Lovecraft Story by Story: “The Transition of Juan Romero”

A marginal entry

I’ve had an on-again-off-again relationship with the stories of H.P. Lovecraft for the last 23 years. I’ll spend a few months reading him regularly, then put him down for years; and I’m generally as likely to re-read a story I already know as to venture into untested waters. So, despite having been a fan for the better part of a quarter of a century, I probably haven’t read more than a couple of dozen of his works.

I’ve decided to correct this. I’m going to start working my way through his stories in the order they were written and reviewing them, at a rate of roughly one per week (though I may slow down a little when I get to longer works – I do intend to keep reading other authors, after all).

You can find a list of previous entries here.

“The Transition of Juan Romero” (1944)

This minor work was never published in Lovecraft’s lifetime, only seeing print 25 years after it was written.  It tells the story of a mining camp where a chasm of immeasurable depth has recently been uncovered.

The narrator and his companion, the titular Juan Romero, are both laborers on the site, and are awakened one night by a storm and the howling of dogs and coyotes, but then hear an unaccountable rumbling, which seems to emanate from the chasm.  And it is this rumbling which leads them to the indescribable horrors expected of a Lovecraft story.

However, “The Transition of Juan Romero” reads less like a Lovecraft story than like a half-hearted imitation of his style, and it is no surprise that the author never sought its publication.  Absent are both the thematic and philosophical explorations that define Lovecraftian fantasy and the rich and florid detail of his trademark style.  Where normally he would withhold concrete description of horrific visions in favor of more impressionistic evocations, here he basically tells the reader nothing at all about what has occurred.  The nature of the horror is not so much unnamable in its grandeur and otherworldliness as it is simply skipped over.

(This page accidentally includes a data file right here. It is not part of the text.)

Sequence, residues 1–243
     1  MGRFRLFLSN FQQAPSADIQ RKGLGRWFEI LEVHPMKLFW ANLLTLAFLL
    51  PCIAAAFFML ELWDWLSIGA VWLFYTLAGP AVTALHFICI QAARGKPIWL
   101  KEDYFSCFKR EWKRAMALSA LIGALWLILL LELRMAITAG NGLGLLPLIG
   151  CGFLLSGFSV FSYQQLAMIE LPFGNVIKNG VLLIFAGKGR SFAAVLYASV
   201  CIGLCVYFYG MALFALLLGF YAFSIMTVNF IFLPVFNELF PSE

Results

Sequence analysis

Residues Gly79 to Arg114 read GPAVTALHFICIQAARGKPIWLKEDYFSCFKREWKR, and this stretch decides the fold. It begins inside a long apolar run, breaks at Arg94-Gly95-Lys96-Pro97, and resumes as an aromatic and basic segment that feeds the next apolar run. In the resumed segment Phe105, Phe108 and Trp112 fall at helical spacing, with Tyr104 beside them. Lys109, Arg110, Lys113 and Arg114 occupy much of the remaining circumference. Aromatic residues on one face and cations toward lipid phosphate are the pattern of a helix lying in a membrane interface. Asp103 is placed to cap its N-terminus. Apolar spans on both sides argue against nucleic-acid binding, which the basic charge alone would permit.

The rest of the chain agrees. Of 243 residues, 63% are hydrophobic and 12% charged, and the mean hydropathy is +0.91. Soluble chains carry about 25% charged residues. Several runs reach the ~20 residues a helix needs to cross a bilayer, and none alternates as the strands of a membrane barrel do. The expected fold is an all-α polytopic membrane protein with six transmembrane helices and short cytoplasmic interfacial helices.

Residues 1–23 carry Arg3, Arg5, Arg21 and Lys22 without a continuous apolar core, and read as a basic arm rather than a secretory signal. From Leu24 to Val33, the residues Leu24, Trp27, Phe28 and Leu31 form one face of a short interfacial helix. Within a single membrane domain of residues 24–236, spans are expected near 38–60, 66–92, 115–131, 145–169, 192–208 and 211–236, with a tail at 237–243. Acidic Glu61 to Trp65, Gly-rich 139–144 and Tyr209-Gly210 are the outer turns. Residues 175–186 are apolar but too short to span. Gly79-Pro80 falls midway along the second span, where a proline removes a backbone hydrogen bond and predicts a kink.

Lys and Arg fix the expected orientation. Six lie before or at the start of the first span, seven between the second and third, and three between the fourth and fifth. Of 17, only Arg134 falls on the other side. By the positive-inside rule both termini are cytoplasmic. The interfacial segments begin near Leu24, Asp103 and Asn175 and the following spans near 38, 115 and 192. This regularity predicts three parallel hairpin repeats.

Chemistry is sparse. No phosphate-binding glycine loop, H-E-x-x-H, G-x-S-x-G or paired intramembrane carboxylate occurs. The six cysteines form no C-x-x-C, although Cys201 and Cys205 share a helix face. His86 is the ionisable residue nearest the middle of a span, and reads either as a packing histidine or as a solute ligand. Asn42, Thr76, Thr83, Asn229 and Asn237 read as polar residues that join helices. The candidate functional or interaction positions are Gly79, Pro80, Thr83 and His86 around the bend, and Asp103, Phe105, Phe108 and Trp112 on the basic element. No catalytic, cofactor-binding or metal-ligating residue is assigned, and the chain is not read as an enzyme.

The line which most leapt out at me, I’m afraid, seems remarkable not because it exemplifies what is best about Lovecraft, but because it reads almost like a parody of his usual phraseology:

“The event which I am about to relate was unheralded by long premonitions.”

It’s not an especially long or esoteric sentence by Lovecraft’s standards, but considering that it is expressing nothing more than the absence of atmosphere or tension, its 13 words are really 13 more than were needed.

In the end, “The Transition of Juan Romero” isn’t really a bad piece of writing so much as it is just a pointless one.


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One Comment

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  • J.B.Lee
    6 March 2015 at 10:35 pm - Reply

    I am convinced that Lovecraft himself didn’t have a clue what the narrator saw at the end of “Juan Romero”. He simply thought “he sees something terrible, and that will be sufficient.” Couldn’t have been more wrong. But as you point out, it is really little more than juvenalia.